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QuarkXPress has always been the perfect tool for creating and publishing documents. In QuarkXPress 8 Essential Training, Jay Nelson—the publisher of Design Tools Monthly and a QuarkXPress expert—covers all the tools and features in this updated version of the program, from basic page layout to Flash integration and web page creation. Throughout this comprehensive training, Jay shows what's needed to produce professional-quality projects that integrate text, pictures, graphics, and tables. He also offers real-world page layout techniques that designers can apply to their own projects. Exercise files accompany the course.
Master pages in QuarkXPress are most commonly used to contain repeating elements that appear on multiple pages in your document. Those repeating items can be anything, but usually they are something like a running head at the top or a folio at the bottom or some repeating graphics or automatic page numbers. If you have a facing pages document such as the one we have here, you will see that the pages appear side-by-side and can have different elements on the left and right pages. If you have a single sided layout, all the pages based on that master page will have the same elements on them.
Now you could have multiple master pages in a layout and then use those master pages on the appropriate pages in the layout that you want to have those items appear on. So as an example, in this little book that we put together you can see that at the bottom of the page we have automatic page numbering happening and we also have a separate little text box on the left and one on the right. If we look at the master pages for this, we can see how that's constructed. Now there are actually four different ways to get to the master page of a layout page. The way I like to do it is to use this new feature down at the bottom of the window that looks like this.
It is the View master page icon and it is a toggle. If you click it, it will show you the master page that the page is based on. If you click it again, it takes you back to where you were in the document on the page you were looking at. That's by far the easiest way to get to a master page for a layout page. But the other ways to do it include under the Page menu you can choose Display and then choose the master page or you can do go the Page Layout palette and double-click on the master page up here. The fourth way to get to a master page is to go down to the Pages pop-up menu down here.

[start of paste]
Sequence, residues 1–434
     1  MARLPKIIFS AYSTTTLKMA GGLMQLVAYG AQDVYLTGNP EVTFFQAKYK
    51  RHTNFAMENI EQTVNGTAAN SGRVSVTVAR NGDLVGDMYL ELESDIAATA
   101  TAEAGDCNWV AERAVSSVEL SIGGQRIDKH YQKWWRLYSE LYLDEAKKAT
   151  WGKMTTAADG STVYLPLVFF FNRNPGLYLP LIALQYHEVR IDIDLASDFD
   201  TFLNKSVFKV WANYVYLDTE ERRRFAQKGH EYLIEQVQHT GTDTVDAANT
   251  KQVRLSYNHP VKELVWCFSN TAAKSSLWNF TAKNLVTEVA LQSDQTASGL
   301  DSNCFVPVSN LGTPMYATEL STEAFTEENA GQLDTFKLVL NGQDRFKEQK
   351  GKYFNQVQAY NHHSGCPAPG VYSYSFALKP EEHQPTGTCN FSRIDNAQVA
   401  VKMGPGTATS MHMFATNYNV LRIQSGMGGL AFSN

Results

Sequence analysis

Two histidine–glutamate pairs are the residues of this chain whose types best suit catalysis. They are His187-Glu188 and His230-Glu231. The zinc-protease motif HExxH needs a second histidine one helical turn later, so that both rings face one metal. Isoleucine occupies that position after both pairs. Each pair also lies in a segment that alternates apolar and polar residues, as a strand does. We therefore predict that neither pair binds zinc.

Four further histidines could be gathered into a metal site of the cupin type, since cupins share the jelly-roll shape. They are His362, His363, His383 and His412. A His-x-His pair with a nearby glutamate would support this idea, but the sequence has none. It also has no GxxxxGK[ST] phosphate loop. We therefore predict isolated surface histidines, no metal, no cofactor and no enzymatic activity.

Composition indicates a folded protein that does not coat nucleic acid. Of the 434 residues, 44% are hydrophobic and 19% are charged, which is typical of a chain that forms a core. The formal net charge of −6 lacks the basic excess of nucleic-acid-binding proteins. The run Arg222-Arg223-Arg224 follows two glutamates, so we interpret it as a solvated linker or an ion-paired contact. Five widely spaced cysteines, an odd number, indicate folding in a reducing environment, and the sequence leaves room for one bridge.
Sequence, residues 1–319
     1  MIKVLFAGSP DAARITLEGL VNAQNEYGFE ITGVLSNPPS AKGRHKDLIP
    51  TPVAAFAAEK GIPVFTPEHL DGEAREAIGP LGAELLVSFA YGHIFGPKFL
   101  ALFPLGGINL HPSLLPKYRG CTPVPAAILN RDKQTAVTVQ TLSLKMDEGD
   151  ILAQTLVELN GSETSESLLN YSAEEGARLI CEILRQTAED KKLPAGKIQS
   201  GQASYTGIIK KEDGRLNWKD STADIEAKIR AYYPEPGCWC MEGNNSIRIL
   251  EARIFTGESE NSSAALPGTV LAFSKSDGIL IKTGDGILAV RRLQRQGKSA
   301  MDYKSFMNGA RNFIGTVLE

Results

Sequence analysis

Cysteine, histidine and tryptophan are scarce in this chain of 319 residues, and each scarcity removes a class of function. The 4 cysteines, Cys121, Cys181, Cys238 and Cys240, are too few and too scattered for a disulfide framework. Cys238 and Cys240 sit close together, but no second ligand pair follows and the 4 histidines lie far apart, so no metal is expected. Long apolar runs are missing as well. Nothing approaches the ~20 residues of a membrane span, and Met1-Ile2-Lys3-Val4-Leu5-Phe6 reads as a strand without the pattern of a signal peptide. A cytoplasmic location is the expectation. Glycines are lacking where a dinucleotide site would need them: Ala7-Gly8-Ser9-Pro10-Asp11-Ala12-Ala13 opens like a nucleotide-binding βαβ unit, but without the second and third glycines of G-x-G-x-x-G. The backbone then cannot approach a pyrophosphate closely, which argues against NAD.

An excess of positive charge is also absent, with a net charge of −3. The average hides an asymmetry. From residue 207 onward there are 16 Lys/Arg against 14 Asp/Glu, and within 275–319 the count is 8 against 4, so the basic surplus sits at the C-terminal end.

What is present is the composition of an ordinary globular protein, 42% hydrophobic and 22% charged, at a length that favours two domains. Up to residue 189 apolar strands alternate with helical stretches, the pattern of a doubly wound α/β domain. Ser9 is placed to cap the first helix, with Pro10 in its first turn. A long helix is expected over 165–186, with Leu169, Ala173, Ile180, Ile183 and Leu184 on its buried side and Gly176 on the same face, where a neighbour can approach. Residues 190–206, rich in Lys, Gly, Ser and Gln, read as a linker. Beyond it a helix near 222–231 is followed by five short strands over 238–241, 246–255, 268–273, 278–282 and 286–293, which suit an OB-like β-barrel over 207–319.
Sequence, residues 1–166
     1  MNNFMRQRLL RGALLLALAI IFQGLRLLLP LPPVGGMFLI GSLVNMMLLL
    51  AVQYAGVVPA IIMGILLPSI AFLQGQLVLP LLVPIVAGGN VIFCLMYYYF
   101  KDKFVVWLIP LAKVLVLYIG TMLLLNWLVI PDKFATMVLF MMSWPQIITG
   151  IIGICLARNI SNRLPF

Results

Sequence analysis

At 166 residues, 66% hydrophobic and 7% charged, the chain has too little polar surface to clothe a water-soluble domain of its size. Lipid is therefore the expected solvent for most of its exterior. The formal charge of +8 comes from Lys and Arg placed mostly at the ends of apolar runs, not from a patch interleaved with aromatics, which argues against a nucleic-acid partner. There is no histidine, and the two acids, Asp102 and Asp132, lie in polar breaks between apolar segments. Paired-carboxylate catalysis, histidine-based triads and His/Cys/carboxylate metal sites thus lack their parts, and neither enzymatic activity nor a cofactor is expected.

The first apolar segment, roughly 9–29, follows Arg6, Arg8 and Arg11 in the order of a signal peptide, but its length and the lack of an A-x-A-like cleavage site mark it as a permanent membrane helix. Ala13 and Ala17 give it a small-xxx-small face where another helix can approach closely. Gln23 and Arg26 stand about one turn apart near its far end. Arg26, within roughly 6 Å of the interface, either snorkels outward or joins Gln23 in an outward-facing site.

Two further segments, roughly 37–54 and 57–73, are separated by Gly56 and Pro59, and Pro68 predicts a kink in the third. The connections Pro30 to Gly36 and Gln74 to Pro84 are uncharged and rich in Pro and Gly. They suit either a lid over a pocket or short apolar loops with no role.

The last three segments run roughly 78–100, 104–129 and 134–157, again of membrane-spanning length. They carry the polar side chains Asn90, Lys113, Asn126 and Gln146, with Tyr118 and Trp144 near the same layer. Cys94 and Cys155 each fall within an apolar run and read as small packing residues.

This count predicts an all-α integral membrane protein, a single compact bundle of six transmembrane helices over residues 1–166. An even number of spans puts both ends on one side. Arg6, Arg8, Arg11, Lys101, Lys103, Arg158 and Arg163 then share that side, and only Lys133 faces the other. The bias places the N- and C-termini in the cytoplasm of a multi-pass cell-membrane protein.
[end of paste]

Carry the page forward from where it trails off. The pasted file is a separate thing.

When you click on this little arrow here, it will pop-up icons for each of the pages in your document including the master page. You can simply click on the one you want. These are the layout pages and right here is the master page. The master page is indicated by a letter and these little dotted lines. When I click on that, we go to the master page. But like I said really the easiest way to do is to click this little icon at the bottom and you go back to your layout page and back to your master page. If you ever want to print a master page, all you have to do is go to the master page, like I'm doing here by clicking on this little toggle down at the bottom and choose File > Print.
Because there can be multiple master pages within a layout, if you want to print all of the master pages, you have to go to each master page and then select Print. By the way, it's pretty easy to tell whether you are on a master page or a layout page, because master pages have this little linking icon in the upper left corner while layout pages don't. So now that we've seen where master pages live and how to get to them, we'll onto how to work with them.
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